ABC News’ John R. Parkinson (@JRPabcDC) reports:
With a little more than two weeks to go until expiration of the Treasury Department’s deadline to increase the statutory debt limit, negotiations on how to avoid a default are going on in secret and behind closed doors as President Obama met with House Speaker John Boehner and House Majority Leader Eric Cantor at the White House on Sunday morning.
Despite repeated inquiries throughout the weekend, knowledge of the stealthy meeting was limited until Monday and none of the leaders has revealed any details about the nature of the discussion.
While the negotiations carry on in private, there is a public fight in Washington over a Republican proposal that would quickly balance the budget, but also incur steep cuts in Medicare and Social Security.
Despite facing a presidential veto threat, Boehner says the House of Representatives will move forward with its plan to pass the Cut, Cap and Balance legislation Tuesday and said that the hard-line position from the White House “should make clear that the issue is not congressional inaction, but rather the president’s unwillingness to cut spending and restrain the future growth of our government.”
“It’s disappointing the White House would reject this common-sense plan to rein in the debt and deficits that are hurting job creation in America. While American families have to set priorities and balance their books, this White House obviously isn’t serious about making the same tough choices,” Boehner, R-Ohio, said in a statement today. “While the House is once again acting responsibly, the Administration still won’t say what cuts it’s willing to make to end Washington’s spending binge and the economic uncertainty it’s creating.
“If we are going to raise the debt limit and avoid default, the White House must be willing to demonstrate more courage than we have seen to date. The House will proceed as planned with its vote on the Cut, Cap and Balance Act,” he added.
The White House says the bill would “lead to severe cuts in Medicare and Social Security” and claims that the Balanced Budget Amendment [BBA] “will likely leave the Nation unable to meet its core commitment of ensuring dignity in retirement” in the future.
“What we are witnessing here with this measure is classic Washington posturing, Kabuki theater,” White House press secretary Jay Carney said. “This is a measure that is designed to duck, dodge and dismantle: duck responsibility, dodge obligations and dismantle eventually if enshrined into law, which it will not be.”
Cantor, however, called the measure “a common sense proposal” and said it would cut and cap federal spending while amending the constitution with the BBA “to ensure that Washington begins to live within its means.”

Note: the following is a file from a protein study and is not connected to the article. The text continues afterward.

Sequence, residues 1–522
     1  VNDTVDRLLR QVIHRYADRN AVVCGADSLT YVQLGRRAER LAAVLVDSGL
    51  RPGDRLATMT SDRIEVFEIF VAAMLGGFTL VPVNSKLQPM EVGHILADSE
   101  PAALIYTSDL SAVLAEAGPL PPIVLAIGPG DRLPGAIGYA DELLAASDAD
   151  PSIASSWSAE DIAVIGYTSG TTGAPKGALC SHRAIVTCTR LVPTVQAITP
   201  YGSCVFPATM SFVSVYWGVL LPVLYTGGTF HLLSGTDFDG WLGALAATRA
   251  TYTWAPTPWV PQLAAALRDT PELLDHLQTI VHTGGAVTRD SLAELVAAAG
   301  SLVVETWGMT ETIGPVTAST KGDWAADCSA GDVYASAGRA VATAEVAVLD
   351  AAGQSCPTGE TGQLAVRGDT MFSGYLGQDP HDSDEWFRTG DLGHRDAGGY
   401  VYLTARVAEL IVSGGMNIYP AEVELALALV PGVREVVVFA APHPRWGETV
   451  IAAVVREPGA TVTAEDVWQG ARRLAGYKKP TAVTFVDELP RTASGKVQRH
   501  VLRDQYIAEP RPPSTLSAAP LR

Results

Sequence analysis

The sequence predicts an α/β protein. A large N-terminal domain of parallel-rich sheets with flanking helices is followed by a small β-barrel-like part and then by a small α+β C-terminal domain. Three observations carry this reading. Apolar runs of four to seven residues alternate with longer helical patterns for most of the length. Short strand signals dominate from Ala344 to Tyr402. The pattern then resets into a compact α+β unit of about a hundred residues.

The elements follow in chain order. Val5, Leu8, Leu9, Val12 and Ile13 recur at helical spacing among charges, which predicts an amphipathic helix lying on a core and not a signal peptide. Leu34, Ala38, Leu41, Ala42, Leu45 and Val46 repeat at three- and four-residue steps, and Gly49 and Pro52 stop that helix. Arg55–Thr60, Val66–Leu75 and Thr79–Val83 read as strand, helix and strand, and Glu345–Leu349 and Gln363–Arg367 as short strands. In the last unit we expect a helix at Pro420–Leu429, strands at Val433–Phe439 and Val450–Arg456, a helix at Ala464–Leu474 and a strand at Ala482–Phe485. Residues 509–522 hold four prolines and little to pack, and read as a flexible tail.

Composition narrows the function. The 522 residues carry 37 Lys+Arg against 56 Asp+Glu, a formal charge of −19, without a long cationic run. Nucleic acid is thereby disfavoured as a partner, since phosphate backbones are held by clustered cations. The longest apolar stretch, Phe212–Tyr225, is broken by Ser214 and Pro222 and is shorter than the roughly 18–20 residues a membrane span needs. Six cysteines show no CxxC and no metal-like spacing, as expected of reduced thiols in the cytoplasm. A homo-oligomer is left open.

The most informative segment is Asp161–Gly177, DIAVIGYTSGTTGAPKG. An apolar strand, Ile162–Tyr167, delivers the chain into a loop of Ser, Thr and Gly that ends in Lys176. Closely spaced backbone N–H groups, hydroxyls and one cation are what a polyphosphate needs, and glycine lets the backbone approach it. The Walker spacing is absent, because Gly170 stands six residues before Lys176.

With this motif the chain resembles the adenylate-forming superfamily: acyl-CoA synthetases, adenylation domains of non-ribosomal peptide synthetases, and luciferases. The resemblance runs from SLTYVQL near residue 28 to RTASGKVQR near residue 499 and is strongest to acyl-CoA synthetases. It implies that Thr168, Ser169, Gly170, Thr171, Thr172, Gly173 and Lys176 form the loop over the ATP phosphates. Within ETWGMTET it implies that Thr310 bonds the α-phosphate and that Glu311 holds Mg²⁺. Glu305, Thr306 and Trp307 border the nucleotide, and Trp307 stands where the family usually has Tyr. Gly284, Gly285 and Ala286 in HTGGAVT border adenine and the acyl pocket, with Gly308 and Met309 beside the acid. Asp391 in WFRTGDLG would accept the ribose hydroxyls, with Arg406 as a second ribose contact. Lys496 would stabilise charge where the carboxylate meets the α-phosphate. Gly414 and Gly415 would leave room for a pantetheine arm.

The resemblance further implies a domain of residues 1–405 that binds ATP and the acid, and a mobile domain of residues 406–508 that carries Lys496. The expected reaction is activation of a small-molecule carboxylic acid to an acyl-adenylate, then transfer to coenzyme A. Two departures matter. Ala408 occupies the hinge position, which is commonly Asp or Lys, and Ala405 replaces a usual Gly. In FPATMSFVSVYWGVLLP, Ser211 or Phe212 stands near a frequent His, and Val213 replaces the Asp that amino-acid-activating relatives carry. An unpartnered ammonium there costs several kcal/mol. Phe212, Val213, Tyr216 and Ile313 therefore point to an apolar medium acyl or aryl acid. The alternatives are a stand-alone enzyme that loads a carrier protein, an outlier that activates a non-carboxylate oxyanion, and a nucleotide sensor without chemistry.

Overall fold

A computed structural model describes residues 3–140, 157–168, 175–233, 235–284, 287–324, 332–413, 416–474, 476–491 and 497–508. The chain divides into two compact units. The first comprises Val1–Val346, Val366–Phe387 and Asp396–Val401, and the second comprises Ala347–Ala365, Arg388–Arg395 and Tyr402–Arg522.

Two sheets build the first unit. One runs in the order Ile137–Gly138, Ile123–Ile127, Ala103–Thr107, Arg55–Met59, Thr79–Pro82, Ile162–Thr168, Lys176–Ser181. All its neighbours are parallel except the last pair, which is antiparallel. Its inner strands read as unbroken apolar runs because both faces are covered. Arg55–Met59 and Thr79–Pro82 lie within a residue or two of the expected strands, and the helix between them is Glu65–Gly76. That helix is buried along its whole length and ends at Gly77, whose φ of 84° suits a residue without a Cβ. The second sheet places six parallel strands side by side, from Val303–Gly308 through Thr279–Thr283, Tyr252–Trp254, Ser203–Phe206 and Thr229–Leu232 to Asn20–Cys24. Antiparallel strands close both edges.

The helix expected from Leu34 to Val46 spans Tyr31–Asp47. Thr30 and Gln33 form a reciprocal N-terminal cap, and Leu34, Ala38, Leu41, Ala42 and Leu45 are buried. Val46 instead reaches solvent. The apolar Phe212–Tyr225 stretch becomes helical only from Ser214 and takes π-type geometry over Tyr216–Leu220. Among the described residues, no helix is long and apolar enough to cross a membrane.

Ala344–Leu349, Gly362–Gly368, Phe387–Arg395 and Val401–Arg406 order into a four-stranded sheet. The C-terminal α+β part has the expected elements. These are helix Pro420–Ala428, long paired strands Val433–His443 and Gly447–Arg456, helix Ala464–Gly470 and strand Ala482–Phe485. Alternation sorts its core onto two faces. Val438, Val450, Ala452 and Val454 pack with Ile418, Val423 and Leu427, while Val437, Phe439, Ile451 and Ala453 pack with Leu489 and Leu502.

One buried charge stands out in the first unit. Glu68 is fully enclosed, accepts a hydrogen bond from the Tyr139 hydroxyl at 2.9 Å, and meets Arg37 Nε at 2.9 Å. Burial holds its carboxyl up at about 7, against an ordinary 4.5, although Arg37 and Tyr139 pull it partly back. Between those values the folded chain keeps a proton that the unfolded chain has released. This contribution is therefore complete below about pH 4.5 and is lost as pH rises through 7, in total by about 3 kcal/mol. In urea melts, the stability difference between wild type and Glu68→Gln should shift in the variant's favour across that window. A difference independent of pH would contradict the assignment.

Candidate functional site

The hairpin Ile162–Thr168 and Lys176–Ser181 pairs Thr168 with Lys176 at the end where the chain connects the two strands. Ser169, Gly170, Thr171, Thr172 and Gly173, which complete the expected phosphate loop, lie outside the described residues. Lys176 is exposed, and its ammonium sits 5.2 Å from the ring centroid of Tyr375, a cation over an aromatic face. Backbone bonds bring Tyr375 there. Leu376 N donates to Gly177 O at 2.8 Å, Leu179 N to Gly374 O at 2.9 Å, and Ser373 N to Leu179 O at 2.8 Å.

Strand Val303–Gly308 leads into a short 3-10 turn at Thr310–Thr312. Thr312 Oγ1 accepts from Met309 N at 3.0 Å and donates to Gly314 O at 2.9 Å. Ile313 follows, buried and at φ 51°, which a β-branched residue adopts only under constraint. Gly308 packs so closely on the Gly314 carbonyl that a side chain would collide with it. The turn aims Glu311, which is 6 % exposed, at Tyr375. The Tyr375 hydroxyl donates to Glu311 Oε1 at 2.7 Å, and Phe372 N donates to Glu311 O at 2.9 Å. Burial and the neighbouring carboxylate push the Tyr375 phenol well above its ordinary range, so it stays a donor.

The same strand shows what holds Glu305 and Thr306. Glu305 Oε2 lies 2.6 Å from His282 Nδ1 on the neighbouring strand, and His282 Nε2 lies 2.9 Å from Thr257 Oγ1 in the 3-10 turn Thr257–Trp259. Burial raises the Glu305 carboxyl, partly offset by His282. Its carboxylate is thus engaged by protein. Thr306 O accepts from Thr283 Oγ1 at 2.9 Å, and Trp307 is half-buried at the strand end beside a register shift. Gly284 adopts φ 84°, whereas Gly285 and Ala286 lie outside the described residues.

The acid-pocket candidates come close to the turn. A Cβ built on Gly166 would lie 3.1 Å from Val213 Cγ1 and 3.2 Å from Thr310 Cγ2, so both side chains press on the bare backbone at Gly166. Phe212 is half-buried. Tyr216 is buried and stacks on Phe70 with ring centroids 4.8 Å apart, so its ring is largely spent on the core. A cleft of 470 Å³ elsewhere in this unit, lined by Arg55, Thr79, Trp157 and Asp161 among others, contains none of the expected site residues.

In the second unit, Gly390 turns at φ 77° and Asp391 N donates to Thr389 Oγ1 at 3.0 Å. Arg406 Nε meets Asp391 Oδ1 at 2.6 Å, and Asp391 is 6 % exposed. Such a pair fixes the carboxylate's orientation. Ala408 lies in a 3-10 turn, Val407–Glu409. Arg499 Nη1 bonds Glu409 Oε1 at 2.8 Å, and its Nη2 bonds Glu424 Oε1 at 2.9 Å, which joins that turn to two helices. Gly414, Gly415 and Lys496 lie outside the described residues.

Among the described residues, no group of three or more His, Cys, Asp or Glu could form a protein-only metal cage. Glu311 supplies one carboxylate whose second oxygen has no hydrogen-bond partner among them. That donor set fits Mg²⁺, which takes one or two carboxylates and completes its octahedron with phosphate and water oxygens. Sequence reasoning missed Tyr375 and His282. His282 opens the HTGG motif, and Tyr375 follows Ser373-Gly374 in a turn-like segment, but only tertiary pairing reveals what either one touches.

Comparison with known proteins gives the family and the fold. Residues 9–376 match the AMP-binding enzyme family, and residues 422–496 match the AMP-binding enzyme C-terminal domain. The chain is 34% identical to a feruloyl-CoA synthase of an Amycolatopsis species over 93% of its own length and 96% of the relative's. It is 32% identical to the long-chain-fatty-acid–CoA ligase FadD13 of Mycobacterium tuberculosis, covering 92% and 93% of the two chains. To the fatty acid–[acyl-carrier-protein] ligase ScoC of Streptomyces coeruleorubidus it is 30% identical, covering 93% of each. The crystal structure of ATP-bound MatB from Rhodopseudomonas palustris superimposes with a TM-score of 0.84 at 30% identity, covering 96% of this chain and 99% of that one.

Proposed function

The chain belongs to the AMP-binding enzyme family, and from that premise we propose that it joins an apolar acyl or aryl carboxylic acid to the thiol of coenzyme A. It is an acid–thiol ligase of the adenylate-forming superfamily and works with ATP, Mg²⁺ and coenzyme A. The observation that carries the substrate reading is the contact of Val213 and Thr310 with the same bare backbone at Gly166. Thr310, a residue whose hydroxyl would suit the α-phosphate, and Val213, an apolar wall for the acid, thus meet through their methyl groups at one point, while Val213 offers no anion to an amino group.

As Boehner was leaving the House floor this afternoon, I asked him for details about his meeting with Obama and Cantor, R-Va., Sunday morning at the White House and pressed him to elaborate on his written rebuttal to the president’s veto threat. But Boehner showed discipline and was tight-lipped.
“I don’t talk to you guys in the hall, you know that,” Boehner answered. “I’m not going to talk to you. I can’t do it. If I do I won’t be able to walk through the halls.”
Boehner spokesman Michael Steel said, “As we said throughout the weekend, the lines of communication are being kept open, but there is nothing to report in terms of an agreement or progress. “We believe Cut Cap and Balance represents the best path forward and we’re looking forward to the House vote on it tomorrow.”
The House is set to vote on Cut, Cap and Balance legislation Tuesday evening. The bill would cut total spending by $111 billion in FY 2012 and cap total federal spending by creating a “glide path” that limits spending to 22.5 percent of GDP next year, and gradually decreases spending levels over 10 years until locking them in at 19.9 percent of GDP in 2021. Finally, the legislation would require that Congress pass a Balanced Budget Amendment and it would need to be sent to the states for ratification before the president’s request for a debt limit increase is granted.
“No one wants to default on our debt, and that is why House Republicans are bringing forth this plan to meet the president’s request for a debt limit increase with the necessary safeguards to make sure that we don’t continue to kick the can down the road,” Cantor said in a written statement. “With millions of Americans out of work, we need to get the economy growing again and control spending here in Washington, and Cut, Cap and Balance is a path forward to do just that. As President Obama has not put forth a plan that can garner 218 votes in the House, I’d caution him against so hastily dismissing Cut, Cap and Balance.”
Senate Majority Leader Harry Reid of Nevada announced earlier today that he will keep the Senate in session every day – including weekends – until Congress sends Obama legislation to avoid a defaulting on the nation’s debts.
The Senate will likely vote on Cut, Cap and Balance and a separate balanced budget amendment later this week. Both measures are expected to fail in the upper chamber, and then the Senate will take up the "last choice" McConnell/Reid compromise, which would allow the president to gradually raise the debt ceiling between now and the election without spending cuts and without the approval of congressional majorities.
ABC News’ Jonathan Karl contributed to this report